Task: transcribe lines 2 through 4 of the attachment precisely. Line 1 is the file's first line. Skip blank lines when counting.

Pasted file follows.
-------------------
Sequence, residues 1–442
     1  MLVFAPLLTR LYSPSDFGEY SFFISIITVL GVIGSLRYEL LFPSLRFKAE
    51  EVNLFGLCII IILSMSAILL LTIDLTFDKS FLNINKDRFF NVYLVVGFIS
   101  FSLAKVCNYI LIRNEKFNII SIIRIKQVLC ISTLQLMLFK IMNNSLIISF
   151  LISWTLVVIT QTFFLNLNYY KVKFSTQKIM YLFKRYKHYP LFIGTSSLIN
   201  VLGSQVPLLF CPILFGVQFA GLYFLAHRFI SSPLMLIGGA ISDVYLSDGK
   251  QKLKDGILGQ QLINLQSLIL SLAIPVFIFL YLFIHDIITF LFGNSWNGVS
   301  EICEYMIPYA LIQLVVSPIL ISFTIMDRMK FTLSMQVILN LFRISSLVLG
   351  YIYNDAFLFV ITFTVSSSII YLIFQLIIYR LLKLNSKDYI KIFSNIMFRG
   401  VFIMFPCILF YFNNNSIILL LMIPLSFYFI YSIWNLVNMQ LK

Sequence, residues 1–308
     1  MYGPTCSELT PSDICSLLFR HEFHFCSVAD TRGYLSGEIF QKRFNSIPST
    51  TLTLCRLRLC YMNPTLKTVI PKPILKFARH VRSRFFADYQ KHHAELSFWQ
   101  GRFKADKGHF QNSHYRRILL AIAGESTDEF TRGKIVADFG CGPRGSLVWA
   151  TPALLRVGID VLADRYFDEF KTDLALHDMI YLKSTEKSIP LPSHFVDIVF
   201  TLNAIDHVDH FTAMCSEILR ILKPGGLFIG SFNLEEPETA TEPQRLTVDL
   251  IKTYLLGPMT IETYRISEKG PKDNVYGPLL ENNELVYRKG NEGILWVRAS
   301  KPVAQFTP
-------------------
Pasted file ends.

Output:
     1  MLVFAPLLTR LYSPSDFGEY SFFISIITVL GVIGSLRYEL LFPSLRFKAE
    51  EVNLFGLCII IILSMSAILL LTIDLTFDKS FLNINKDRFF NVYLVVGFIS
   101  FSLAKVCNYI LIRNEKFNII SIIRIKQVLC ISTLQLMLFK IMNNSLIISF